With the announcement of Michael Vick’s retirement, this lifelong falcons fan found it necessary to recount his career. Vick is a very interesting case, seeing as he was both the most loved and most hated man in Atlanta. While he has shown his love for the city in his open letter to Atlanta, published in The Players Tribune, he will always have his haters who doubt the authenticity of his remorse. All that can be said is that Vick forever changed the Falcons organization for better and for worse.
The boy from Newport News, Virginia came onto the football scene in a flash as the best player in College football as Virginia Tech’s quarterback. He led a previously anonymous school to a National Championship appearance. While they lost to Florida State, it was clear that Vick was destined for greatness. The next step towards that greatness for Vick took place on April 22, 2001 when he was drafted first overall by Atlanta. Over the course of his Falcons career, he would dazzle the NFL with his mix of speed, agility, and play making ability that had yet to be seen at his level. It was a sight to behold, especially for this white kid from Savannah, Georgia. Whether it was playing as Vick on Madden, or putting on that number seven jersey, there was something innately special about him. It seemed like a career destined for greatness, but fate had other ideas.
Even before the events that ended Vick’s Falcon career, you could see the demise on the horizon. A lack of work ethic, the Hip-Hop lifestyle, and an unfortunate double fingered salute set off more than a few alarm bells. But even after all that, I still didn’t want to believe what he had done; no one did. Lots of people love football, and even more people love dogs, so the thought of such horrible things happening to them was unthinkable. What made it even worse was the fact that Vick openly lied to the people who trusted him the most; his fans, his team, his owner, and most importantly, his city. After the whole ordeal was over, Vick found himself in Leavenworth and the Falcons found themselves in disarray.
While Vick sat in prison, the Falcons had to rebuild. I vividly remember being unable to stomach what my Falcons had become. That’s understandable when you have to watch the likes of Joey Harrington and Byron Leftwich helm the Falcons offense. What made it worse was what would occur a few years later. It was one thing having your favorite player be taken away, leaving behind a husk of a franchise, but it’s another to see him go to one of your biggest rivals. Now, I don’t blame Vick for joining the Eagles; the Falcons had moved on by drafting a young quarterback from Boston College by the name of Matt Ryan, but I wouldn’t blame the Falcons fans for feeling betrayed. Vick would have early success with the Eagles before bouncing around between the Jets and the Steelers.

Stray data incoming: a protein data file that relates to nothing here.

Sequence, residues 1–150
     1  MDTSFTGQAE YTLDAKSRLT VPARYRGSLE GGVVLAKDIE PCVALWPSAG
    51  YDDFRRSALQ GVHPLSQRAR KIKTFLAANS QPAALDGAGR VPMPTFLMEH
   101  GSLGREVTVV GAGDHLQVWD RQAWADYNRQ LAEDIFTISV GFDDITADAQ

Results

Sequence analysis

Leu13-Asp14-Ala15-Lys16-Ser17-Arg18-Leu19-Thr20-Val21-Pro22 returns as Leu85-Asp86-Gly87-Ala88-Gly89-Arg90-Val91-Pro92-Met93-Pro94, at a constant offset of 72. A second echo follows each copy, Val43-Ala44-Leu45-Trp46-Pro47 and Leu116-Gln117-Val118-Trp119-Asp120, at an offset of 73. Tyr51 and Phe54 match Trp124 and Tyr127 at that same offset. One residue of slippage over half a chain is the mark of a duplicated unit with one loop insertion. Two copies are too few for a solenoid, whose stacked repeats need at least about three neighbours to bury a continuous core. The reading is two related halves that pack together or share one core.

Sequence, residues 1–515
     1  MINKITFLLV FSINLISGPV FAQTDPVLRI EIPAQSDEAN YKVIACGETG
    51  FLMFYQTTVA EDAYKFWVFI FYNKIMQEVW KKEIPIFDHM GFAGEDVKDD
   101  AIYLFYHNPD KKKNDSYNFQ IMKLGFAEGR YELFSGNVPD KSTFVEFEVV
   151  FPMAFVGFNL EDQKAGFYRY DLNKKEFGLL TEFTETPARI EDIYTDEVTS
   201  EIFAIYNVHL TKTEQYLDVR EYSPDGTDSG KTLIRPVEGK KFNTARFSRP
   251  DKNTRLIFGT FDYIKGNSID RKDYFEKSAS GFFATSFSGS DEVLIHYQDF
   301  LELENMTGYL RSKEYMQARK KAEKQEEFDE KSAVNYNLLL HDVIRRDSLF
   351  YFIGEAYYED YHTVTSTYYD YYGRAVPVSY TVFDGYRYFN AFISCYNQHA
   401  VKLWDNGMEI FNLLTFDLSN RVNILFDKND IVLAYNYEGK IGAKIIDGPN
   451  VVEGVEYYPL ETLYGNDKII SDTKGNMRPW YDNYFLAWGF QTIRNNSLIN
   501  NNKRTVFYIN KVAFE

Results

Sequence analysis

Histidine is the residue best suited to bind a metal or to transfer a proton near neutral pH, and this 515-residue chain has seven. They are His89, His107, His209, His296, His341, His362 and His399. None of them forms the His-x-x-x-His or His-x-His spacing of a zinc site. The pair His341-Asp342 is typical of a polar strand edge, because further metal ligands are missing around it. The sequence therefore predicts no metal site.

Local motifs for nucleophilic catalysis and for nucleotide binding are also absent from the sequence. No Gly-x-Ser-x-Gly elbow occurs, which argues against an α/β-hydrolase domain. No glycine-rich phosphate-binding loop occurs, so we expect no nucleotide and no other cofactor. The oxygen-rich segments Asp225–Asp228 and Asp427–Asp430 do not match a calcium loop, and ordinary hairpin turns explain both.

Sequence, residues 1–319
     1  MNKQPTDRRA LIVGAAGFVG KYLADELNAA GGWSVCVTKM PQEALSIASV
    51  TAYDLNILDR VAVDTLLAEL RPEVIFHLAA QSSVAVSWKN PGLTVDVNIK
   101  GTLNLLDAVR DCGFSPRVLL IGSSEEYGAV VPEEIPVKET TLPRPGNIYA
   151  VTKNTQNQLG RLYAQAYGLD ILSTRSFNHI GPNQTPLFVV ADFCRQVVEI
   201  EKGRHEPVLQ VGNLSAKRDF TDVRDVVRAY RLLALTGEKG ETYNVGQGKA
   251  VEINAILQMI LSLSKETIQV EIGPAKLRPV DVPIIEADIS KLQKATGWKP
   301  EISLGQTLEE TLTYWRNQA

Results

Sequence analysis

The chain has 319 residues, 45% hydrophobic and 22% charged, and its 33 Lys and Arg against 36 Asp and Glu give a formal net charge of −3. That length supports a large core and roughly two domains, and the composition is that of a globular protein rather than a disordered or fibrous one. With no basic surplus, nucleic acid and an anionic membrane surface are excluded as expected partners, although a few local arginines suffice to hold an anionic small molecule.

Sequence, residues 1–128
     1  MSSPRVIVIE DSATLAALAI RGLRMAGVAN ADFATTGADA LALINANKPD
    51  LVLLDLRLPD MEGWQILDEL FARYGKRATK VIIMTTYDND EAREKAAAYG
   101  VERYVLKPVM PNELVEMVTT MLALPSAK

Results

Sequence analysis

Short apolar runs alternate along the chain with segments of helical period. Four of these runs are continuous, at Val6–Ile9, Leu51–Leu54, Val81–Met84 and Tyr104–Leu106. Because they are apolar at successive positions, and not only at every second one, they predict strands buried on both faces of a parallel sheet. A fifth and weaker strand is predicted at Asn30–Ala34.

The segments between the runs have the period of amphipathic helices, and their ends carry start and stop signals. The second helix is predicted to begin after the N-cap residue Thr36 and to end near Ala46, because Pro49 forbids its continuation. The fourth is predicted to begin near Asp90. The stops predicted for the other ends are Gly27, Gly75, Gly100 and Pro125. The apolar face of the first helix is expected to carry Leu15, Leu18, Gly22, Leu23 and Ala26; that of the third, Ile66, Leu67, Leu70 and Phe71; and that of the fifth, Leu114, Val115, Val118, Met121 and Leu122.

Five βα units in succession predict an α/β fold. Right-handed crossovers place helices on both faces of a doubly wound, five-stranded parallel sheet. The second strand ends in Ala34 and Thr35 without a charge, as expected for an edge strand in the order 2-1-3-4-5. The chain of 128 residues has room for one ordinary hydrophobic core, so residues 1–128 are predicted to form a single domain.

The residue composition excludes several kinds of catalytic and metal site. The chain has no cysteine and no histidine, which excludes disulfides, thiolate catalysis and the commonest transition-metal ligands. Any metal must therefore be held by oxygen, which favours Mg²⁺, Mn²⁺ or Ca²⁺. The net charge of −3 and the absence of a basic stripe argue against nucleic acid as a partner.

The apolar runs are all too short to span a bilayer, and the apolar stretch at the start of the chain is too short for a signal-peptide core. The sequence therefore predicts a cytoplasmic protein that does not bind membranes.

This brings the story full circle. With Vick’s retirement, one of the greatest “what if” careers has come to an abrupt end. And that brings us to Vick’s open letter. Its no secret that Atlanta hasn’t been a great sports city. We don’t have the national appeal of teams like the Patriots or Yankees. We don’t attract superstars or generational talents, but one thing we had was Vick. At the heart of every fan is a undeniable love for their team. They want the players to care as much about their team as they do. Vick will never win a Super Bowl. He will never win an MVP award and probably won’t get into Canton, but what he showed with his open letter is that he cares. He cares about his team, he cares about his fans, and he cares about his city. Atlanta may not have four Super Bowl titles. We may not have twenty-seven World Series titles or seventeen NBA Finals Championships. What we do have is a superstar who loved his city as much as it loved him.